Euler's homogeneous function theorem

Continuously differentiable positively homogeneous functions are characterized by the following theorem: This result follows at once by differentiating both sides of the equation with respect to , applying the chain rule, and choosing to be . The converse is proved by integrating. Specifically, let \textstyle g(\alpha) = f(\alpha \mathbf). Since \textstyle \alpha \mathbf \cdot \nabla f(\alpha \mathbf)= k f(\alpha \mathbf), : g'(\alpha) = \mathbf \cdot \nabla f(\alpha \mathbf) = \frac f(\alpha \mathbf) = \frac g(\alpha). Thus, \textstyle g'(\alpha) - \frac g(\alpha) = 0. This implies \textstyle g(\alpha) = g(1) \alpha^k. Therefore, \textstyle f(\alpha \mathbf) = g(\alpha) = \alpha^k g(1) = \alpha^k f(\mathbf): is positively homogeneous of degree . As a consequence, suppose that f : \mathbb^n \rarr \mathbb is Differentiable function, differentiable and homogeneous of degree . Then its first-order partial derivatives \partial f/\partial x_i are homogeneous of degree . The result follows from Euler's theorem by commuting the operator \mathbf\cdot\nabla with the partial derivative. One can specialize the theorem to the case of a function of a single real variable (), in which case the function satisfies the ordinary differential equation : f'(x) - \frac f(x) = 0. This equation may be solved using an integrating factor approach, with solution \textstyle f(x) = c x^k, where .


Homogeneous distributions

A continuous function ƒ on \mathbb^n is homogeneous of degree if and only if :\int_ f(tx)\varphi(x)\, dx = t^k \int_ f(x)\varphi(x)\, dx for all compactly supported test functions \varphi; and nonzero real . Equivalently, making a integration by substitution, change of variable , ƒ is homogeneous of degree if and only if :t^\int_ f(y)\varphi\left(\frac\right)\, dy = t^k \int_ f(y)\varphi(y)\, dy for all ''t'' and all test functions \varphi. The last display makes it possible to define homogeneity of distribution (mathematics), distributions. A distribution is homogeneous of degree if :t^\langle S, \varphi\circ\mu_t\rangle = t^k\langle S,\varphi\rangle for all nonzero real and all test functions \varphi. Here the angle brackets denote the pairing between distributions and test functions, and \mu_t : \mathbb^n \rarr \mathbb^n is the mapping of scalar division by the real number .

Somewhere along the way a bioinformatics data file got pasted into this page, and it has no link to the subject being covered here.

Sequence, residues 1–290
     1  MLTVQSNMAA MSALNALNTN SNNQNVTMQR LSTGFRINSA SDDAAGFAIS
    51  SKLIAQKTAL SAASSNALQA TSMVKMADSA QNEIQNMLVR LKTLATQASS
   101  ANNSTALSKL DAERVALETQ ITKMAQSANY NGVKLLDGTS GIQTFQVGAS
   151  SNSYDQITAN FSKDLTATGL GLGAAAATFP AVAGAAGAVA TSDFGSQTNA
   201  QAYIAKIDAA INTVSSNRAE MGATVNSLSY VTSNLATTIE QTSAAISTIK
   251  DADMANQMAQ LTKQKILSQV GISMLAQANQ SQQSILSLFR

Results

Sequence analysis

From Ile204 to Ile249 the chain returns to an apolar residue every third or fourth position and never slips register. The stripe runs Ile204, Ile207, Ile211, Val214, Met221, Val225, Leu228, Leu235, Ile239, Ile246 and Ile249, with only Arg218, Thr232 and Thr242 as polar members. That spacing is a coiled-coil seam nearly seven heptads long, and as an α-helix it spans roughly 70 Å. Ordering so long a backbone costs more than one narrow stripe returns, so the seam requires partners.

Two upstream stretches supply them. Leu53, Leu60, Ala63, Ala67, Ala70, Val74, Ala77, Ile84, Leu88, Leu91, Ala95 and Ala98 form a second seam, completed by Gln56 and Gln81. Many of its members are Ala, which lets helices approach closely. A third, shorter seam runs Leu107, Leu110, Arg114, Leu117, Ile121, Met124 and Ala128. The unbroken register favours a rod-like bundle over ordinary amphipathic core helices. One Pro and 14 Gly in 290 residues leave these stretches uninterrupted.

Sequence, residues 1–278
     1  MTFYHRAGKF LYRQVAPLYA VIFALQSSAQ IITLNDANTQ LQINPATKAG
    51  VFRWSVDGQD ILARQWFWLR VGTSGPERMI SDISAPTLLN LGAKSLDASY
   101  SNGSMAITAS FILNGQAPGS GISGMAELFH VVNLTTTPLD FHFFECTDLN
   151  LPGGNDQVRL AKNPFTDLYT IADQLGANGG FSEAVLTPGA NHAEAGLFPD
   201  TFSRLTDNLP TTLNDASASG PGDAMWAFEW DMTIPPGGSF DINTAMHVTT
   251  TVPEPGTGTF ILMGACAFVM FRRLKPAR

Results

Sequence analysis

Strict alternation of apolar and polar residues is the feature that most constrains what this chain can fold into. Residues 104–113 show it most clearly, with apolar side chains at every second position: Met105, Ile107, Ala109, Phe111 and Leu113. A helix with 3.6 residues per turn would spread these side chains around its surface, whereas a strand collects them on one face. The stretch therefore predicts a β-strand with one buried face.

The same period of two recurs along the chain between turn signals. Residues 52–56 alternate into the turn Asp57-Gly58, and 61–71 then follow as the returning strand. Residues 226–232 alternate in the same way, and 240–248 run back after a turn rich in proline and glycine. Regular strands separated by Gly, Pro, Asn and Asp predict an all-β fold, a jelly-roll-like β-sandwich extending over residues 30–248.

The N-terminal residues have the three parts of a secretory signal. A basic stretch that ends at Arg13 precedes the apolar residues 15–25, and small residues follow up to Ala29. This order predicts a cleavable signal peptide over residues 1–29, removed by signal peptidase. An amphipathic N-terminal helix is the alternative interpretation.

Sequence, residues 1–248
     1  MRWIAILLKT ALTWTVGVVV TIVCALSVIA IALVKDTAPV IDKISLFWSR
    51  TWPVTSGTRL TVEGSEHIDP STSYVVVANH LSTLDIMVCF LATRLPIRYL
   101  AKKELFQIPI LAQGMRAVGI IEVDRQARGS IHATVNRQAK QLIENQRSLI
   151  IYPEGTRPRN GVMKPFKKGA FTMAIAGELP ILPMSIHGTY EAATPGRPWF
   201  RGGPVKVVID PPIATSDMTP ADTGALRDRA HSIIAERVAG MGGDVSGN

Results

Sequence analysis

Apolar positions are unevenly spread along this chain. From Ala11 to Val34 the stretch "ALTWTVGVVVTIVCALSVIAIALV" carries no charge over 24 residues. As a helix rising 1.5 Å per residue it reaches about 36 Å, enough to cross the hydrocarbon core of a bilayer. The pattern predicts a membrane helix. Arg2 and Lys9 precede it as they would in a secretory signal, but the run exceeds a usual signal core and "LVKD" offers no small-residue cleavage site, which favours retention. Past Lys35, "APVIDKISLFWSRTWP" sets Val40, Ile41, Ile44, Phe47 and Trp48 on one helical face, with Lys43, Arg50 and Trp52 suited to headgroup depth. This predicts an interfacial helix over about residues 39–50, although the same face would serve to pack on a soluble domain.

Application to differential equations

: The substitution converts the ordinary differential equation : I(x, y)\frac + J(x,y) = 0, where and are homogeneous functions of the same degree, into the Separation of variables, separable differential equation :x \frac=-\frac-v.


See also

* Production function#Homogeneous and homothetic production functions, Production function * Triangle center function * Weierstrass elliptic function


Notes


References

*


External links

* * {{MathWorld, title=Euler's Homogeneous Function Theorem, urlname=EulersHomogeneousFunctionTheorem, author=Eric Weisstein Linear algebra Differential operators Types of functions Leonhard Euler